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Yes, POV is still a thing

By and |  March 7, 2019
Photo ISTOCK.COM/gobalink

The potential ramifications of pattern enforcement remain unsettling, but most operators now understand how to manage that risk. Photo: iStock.com/gobalink

Someone asked us recently whether pattern of violations (POV) was still something to be worried about.

The person pointed out that from 2013 to 2017, you could not have a discussion about mine safety that did not involve a fairly strong emphasis on the Mine Safety & Health Administration’s (MSHA) POV enforcement policy. It was a constant topic at industry conferences, in the press and in the courts, where the agency and industry were embroiled in legal challenges regarding the mechanism for determining pattern.

In 2018, however, POV was not as much of a concern. The industry legal challenge is still there, though.

What’s changed

To an extent, this lower POV profile may be partially the result of MSHA’s modified workplace examination getting most of the attention over the last year. Still, the more likely reason for the reduced POV profile is the fact that mine operators and mine professionals adjusted to the compliance realities of MSHA’s pattern enforcement scheme.

The potential ramifications of pattern enforcement remain unsettling, but most operators now understand how to manage that risk.

Most mine operators have an up-to-date understanding of where they stand with respect to the pattern criteria. This is because, by necessity – and agency design – operators continuously monitor their pattern health on MSHA’s Monthly Pattern Monitoring Tool in the agency’s Data Retrieval System. This practice enabled operators to identify problematic trends and implement changes.

While the mining community is more comfortable with the POV scheme and the noise surrounding POV has died down, don’t let this lull mislead you. POV is definitely still a thing.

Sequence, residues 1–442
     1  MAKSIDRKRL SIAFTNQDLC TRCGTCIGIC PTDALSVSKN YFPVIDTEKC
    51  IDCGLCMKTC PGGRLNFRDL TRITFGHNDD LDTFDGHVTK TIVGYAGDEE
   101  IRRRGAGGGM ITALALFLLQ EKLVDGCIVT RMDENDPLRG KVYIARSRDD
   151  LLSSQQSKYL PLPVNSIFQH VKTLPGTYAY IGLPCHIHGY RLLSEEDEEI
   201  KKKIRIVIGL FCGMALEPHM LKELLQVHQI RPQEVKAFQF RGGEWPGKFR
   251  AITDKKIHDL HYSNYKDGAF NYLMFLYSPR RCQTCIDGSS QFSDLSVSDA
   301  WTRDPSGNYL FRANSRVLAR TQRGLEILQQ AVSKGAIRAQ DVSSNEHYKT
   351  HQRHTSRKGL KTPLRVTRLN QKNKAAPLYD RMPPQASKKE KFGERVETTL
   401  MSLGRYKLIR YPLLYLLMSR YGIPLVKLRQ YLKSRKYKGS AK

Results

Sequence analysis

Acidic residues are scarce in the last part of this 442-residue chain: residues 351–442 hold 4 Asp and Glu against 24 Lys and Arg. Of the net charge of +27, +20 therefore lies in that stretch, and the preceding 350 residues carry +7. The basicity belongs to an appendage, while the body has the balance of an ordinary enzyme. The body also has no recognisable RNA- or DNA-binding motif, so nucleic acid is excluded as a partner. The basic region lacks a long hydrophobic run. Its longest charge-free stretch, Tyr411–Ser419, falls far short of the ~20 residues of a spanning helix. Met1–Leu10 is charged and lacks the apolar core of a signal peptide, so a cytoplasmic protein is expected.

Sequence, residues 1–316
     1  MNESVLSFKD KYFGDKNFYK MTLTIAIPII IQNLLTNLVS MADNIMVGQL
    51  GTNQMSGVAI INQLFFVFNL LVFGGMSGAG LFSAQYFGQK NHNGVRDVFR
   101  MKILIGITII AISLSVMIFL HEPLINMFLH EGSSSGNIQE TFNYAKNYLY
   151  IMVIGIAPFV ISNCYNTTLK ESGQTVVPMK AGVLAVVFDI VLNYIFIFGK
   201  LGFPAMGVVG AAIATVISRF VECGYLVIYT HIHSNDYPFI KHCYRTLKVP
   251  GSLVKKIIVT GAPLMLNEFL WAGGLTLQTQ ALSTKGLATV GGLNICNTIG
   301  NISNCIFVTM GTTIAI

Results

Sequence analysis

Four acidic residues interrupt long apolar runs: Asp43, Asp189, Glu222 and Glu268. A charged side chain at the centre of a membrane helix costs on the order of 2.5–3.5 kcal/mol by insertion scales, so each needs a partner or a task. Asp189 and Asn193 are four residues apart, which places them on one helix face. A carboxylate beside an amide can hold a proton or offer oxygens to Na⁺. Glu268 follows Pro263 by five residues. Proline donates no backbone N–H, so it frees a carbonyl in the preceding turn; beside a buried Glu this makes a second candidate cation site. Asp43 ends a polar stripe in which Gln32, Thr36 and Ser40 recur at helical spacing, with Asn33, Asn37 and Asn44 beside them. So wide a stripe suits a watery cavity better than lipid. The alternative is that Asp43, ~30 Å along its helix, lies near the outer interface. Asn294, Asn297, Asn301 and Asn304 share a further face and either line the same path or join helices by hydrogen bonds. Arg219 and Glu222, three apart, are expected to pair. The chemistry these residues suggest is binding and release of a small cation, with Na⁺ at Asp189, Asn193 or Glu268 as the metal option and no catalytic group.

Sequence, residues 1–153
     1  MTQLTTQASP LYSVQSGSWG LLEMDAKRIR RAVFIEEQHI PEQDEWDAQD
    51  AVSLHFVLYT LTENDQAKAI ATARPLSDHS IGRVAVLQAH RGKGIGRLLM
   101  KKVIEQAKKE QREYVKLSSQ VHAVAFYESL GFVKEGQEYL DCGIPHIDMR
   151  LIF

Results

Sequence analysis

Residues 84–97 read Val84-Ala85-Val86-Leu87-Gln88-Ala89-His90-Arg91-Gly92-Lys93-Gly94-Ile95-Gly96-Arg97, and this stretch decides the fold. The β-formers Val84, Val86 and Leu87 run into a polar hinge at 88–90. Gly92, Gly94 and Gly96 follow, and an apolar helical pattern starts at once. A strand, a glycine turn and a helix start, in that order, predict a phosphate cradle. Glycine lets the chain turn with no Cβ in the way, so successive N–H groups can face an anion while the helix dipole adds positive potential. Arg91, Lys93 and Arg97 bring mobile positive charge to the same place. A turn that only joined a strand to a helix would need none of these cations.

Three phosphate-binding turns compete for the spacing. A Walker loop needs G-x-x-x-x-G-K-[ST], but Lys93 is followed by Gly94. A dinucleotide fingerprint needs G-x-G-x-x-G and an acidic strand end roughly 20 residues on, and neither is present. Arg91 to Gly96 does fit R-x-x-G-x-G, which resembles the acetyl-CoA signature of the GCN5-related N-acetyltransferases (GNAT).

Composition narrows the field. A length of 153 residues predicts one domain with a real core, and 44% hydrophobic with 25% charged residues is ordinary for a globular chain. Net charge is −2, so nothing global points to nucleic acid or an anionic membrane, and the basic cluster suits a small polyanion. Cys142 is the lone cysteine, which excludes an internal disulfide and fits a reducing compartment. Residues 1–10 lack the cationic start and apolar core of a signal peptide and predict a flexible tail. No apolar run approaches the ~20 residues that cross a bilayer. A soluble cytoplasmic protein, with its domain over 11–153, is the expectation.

Although no new pattern notices have been issued beyond the handful of notices that were issued in 2013 and 2014 following the agency’s revision of the POV regulation, the rule since that time enables the agency to exert a great deal of control over companies that “voluntarily” initiate corrective action programs (CAPs) to stave off the pattern threat.

These CAPs establish comprehensive operational requirements and aggressive goals to enable operators to achieve substantial reductions in S&S (significant and substantial) citations. In many cases, these CAPs require operators to make changes to their operating procedures that are above and beyond any requirements contained in the regulations.

For instance, CAPs included operator commitments to provide more comprehensive training, hire additional personnel to bolster the workforce, retain contractor help to address issues identified in the violation history, and set up maintenance rapid action teams that are devoted to addressing repeated safety issues.

Although meeting these CAP commitments can have a dramatic economic and operational impact, companies on the verge of pattern really have very little option given the alternative. You would be hard-pressed to convince the many operators on these CAPs that POV is a concern of the past.

What’s ahead

Actually, you can probably expect the noise around pattern to go up a few more decibels in 2019. With the change in control of the House of Representatives from Republicans to Democrats, there is a virtual certainty that there will be more aggressive oversight of MSHA’s enforcement of the pattern regulation – at least from the House side.

This process essentially started in September 2018, when the ranking Democrats on the House Committee on Education & the Workforce and the Subcommittee on Workforce Protections wrote a letter to agency head David Zatezalo requesting information providing the legal basis for the agency’s recent settlement agreement with Pocahontas Coal, one of the companies that received pattern notices back in 2013.

As part of that settlement agreement, MSHA agreed to terminate the pattern notice at the mine even though a clean inspection with no S&S citations issued had not been completed – a requirement in section 104(e) of the Mine Act.

This MSHA settlement decision was also challenged by the United Mine Workers in a suit filed in a federal district court, so the POV news cycle will definitely pick up in 2019.


Bill Doran and Margo Lopez are with the national labor, employment and safety law firm Ogletree Deakins.


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